Mahabharata Summary

Topics: Arjuna, Duryodhana, Drona Pages: 26 (8717 words) Published: January 31, 2013
The Mahabharata (composed between 300 BC and 300 AD) has the honor of being the longest epic in world literature, 100,000 2-line stanzas (although the most recent critical edition edits this down to about 88,000), making it eight times as long as Homer's Iliad and Odyssey together, and over 3 times as long as the Bible (Chaitanya vii). According to the Narasimhan version, only about 4000 lines relate to the main story; the rest contain additional myths and teachings. In other words, the Mahabharataresembles a long journey with many side roads and detours. It is said that “Whatever is here is found elsewhere. But whatever is not here is nowhere else.”

The name means “great [story of the] Bharatas.” Bharata was an early ancestor of both the Pandavas and Kauravas who fight each other in a great war, but the word is also used generically for the Indian race, so the Mahabharata sometimes is referred to as “the great story of India.”

The work is divided into 18 books (concerning an 18-day war among 18 armies). The main narrative concerning the war is contained in the first ten books.

Pronunciation guide of the main characters:

Vyasa [Vee-YA-sha]: narrator of the story and father of Pandu and Dhritarashtra

BHISH-ma: half-uncle by marriage of Pandu and Dhritarashtra

Dhri-ta-RASH-tra: blind king, father of Duryodhana and the Kauravas

GAN-dhari: wife of Dhritarashtra

KUN-ti: wife of Pandu and mother to the five Pandavas and Karna

Yu-DHISH-thira: leader of the Pandavas, rightful heir to the throne

BHI-ma: strongest of the Pandava brothers

AR-juna: mightiest of warriors

NA-kula and Saha-DE-va: Pandava twins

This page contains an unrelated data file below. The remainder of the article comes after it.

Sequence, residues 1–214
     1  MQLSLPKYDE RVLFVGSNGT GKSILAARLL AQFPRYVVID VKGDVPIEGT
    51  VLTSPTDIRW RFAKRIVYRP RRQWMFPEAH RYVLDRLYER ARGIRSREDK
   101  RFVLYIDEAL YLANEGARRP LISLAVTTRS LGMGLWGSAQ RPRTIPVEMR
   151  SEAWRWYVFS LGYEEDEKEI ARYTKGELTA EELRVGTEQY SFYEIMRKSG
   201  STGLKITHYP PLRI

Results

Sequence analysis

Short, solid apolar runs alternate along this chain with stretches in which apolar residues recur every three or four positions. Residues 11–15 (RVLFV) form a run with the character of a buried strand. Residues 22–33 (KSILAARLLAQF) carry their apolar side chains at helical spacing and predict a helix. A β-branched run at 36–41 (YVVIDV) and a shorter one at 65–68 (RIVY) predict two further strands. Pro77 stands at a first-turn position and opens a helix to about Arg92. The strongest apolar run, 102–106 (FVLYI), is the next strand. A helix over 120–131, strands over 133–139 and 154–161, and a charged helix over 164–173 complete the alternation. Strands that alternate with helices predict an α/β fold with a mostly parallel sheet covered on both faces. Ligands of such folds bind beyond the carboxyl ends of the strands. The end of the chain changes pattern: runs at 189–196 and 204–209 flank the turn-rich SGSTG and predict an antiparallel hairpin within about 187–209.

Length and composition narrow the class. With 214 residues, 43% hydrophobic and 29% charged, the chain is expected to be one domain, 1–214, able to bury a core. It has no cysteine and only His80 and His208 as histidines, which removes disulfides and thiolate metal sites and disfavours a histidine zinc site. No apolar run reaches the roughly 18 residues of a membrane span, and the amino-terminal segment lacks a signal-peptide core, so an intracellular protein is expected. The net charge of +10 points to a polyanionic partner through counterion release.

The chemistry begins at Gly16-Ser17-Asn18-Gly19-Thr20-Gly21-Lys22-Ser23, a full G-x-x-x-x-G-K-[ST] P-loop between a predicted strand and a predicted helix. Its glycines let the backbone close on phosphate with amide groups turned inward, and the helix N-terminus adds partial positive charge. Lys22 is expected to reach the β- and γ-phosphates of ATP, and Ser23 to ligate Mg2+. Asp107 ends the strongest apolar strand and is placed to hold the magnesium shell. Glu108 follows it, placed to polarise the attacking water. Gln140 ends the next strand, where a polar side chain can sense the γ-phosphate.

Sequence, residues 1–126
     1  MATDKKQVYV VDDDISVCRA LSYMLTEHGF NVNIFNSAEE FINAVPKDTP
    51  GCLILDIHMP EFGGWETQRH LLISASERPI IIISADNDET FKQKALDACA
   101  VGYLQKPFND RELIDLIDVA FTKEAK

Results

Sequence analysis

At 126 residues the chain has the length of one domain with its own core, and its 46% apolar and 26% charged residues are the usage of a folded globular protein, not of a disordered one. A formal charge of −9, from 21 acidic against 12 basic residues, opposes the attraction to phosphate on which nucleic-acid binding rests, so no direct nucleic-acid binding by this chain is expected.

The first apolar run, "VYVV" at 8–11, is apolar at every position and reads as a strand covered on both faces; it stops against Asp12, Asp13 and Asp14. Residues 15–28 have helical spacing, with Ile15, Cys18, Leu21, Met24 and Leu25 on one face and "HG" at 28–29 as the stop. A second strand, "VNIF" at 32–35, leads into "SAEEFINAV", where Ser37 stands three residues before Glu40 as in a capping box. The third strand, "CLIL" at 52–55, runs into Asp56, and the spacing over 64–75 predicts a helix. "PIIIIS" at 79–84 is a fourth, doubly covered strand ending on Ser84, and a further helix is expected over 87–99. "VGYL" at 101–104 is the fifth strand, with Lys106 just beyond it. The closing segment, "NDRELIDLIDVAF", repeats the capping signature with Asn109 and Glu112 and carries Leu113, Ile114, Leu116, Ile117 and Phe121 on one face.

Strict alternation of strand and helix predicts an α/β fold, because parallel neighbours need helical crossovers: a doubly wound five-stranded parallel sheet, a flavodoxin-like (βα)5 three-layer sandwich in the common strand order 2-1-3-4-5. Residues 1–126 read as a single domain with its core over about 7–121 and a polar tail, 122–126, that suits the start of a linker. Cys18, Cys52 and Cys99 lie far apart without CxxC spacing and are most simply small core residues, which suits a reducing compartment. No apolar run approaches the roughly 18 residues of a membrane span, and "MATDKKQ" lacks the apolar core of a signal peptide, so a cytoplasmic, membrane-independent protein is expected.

DRAU-pa-di: wife to the five Pandavas

Du-ry-ODH-ana: leader of the Kauravas

Duh-SA-sa-na: brother to Duryodhana

KRISH-na: supporter of the Pandavas and avatar of Vishnu

DRO-na: teacher of the Pandavas and Kauravas

KAR-na: warrior, secret son of Kunti, ally of the Kauravas

Note: quotations throughout are from English versions by C. V. Narasimhan [CN], Krishna Dharma [KD] or the dramatization by Jean-Claude Carriere (available on DVD). Portions of the following summary have been adapted from David Williams, Peter Brook and the Mahabharata: Critical Perspectives, 1991. I have also included a link to a new adaptation available on Kindle. (Buying from the following links provides some funding for this site, so thanks. I do not collect or use any information from you if you use the links.)


In the first two books of the Mahabharata, we learn the background of the Bharatas (also called the Kurus) leading up to the conflict between the five sons of Pandu and their cousins the Kauravas. This story is told by the sage Vyasa, whose name came to mean the “compiler.” (Actually, the author of the epic is unknown, probably many authors over centuries.) Vyasa's mother is Satyavati, whose name means truth, so he is the “son of truth.” In telling his story to a descendant of the Pandavas, Vyasa says, “If you listen carefully, at the end you’ll be someone else.” (play) Vyasa appears infrequently throughout the story, giving advice and also fathering Pandu and Dhritarashtra.

Ancestors of the Pandavas and Kauravas

Santanu, king of Hastinapura, was married to the beautiful Ganga, who was the river goddess in disguise. She agreed to marry him as long as he never questioned her actions. Over the years they had seven sons, but Ganga threw each one into the river. Santanu was distressed but he kept his promise. Finally, when their eighth son was born, Santanu asked his wife who she really was and why she had done this. Ganga revealed herself and told that her children had once been celestial beings, but were cursed to become human. She had ended their “punishment” quickly by drowning them immediately at birth. But since Santanu had questioned her actions, she left him, along with his last son Devarata.

Devarata is better known by his later name...
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